2019-20 (ext. -2021) | Music Egypt Project

music egypt project

'Music Egypt Project'


Knowledge Exchange Fellow:
Dr James Whitbourn   |   Faculty of Music   |   University of Oxford

Partner Organisation:
Oxford Maqam



This is a two-part project that focuses on Egypt: Ancient Egypt and modern Egypt. The purpose of the project is to undertake and complete the initial research that will enable me to apply for funding for a follow-on project of larger scale. That project will see the creation of a new piece of music that can be performed as part of the anniversary celebrations in 2022 of the discovery of the tomb of Tutankhamun with texts selected from the literature of Ancient Egypt. The second part of the follow-on project will ultimately see the publication through audio recordings of a collection of Egyptian songs written in the twentieth century, reimagined and orchestrated into modern performing editions.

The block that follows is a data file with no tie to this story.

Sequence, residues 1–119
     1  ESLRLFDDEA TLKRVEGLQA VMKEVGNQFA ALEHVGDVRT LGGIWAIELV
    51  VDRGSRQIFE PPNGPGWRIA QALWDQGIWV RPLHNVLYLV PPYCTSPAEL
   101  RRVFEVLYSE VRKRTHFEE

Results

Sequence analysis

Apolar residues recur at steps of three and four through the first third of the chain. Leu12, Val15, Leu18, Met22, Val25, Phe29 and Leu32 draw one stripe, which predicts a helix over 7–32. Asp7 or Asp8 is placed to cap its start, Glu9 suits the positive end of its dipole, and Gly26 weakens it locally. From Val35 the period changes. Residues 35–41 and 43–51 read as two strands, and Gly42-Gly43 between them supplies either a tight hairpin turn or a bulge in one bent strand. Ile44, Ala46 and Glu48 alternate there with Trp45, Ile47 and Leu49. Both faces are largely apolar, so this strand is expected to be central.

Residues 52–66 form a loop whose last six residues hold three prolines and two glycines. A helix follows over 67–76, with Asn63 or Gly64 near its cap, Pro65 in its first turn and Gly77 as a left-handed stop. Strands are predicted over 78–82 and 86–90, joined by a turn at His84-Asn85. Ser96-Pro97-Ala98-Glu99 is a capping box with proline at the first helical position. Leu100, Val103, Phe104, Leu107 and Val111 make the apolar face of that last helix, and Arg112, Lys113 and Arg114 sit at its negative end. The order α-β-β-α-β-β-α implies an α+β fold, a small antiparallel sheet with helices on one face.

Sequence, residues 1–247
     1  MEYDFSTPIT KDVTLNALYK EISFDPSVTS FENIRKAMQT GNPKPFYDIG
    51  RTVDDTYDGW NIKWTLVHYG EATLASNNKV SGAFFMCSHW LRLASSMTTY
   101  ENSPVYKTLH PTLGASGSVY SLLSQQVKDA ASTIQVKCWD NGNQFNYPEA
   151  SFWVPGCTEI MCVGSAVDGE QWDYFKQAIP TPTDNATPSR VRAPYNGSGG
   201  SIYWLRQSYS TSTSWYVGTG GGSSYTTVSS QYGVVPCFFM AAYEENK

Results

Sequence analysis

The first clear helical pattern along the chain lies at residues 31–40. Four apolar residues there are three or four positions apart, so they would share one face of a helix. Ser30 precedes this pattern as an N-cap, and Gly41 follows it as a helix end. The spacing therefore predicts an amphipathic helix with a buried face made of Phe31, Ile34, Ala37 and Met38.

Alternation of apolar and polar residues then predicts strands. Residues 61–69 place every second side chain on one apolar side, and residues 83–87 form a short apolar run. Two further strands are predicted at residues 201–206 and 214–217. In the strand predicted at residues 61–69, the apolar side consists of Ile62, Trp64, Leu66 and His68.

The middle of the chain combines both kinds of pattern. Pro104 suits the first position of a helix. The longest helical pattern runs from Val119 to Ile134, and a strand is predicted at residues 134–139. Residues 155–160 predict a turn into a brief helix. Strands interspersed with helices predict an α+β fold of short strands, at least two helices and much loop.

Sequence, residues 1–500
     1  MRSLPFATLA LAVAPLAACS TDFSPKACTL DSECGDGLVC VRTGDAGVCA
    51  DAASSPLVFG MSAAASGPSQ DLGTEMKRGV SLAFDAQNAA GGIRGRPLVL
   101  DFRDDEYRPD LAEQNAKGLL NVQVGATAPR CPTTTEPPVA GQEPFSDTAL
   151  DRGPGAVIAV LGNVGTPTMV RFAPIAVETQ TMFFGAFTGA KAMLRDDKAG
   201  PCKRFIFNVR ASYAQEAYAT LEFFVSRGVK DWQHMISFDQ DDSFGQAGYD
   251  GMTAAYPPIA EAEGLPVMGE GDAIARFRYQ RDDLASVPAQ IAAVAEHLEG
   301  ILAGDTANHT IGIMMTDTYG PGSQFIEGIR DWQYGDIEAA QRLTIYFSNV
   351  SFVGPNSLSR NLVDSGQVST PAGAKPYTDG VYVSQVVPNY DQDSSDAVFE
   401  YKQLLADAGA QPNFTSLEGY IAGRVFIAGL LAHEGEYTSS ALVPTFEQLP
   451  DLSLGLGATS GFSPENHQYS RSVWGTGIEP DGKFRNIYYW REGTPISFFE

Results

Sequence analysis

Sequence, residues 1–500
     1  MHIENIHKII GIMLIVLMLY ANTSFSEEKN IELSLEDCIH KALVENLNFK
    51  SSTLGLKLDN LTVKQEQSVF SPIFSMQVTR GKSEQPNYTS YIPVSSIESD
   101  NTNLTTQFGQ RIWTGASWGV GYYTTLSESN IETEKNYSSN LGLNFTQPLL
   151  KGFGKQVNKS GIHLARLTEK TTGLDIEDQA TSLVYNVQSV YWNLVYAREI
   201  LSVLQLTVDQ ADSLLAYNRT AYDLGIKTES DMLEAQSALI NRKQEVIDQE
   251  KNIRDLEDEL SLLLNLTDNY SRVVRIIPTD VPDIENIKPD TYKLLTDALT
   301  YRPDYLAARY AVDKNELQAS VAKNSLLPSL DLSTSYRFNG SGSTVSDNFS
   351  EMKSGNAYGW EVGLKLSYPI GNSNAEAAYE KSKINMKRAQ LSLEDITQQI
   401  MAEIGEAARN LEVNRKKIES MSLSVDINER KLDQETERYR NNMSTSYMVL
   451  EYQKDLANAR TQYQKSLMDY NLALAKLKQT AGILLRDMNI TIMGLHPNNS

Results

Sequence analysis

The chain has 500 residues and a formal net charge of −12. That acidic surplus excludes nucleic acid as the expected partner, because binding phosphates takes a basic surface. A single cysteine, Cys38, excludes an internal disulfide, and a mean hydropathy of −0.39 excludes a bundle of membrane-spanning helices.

Before that can be contemplated, however, much work is to be done on the identification and re-discovery of the twentieth century songs (no performance materials whatever are available) and the copyright issues that surround them, either the music or the text. Selections also have to be made so as to create a coherent collection with interesting social and musical context. These initial stages are the purpose of this project.

For the new work, much work has to be done on the selection of texts to be set and the instrumentation that could be used in the score, both of which will be achieved through this project. The key participants in the project are the partner organisation Oxford Maqam, a specialist Egyptian music performance group with expertise on twentieth century Egyptian repertoire and a great interest in that which is to be uncovered, and the international Egyptian soprano Fatma Said, with whom I have already collaborated during the past four years on prototype selections from the twentieth century repertoire.

In both parts of the project, I will work alongside others in Oxford: Professor Richard Parkinson, Professor of Egyptology and The Griffith Institute (Tutankhamun) and Dr Darci Sprengel (twentieth century).

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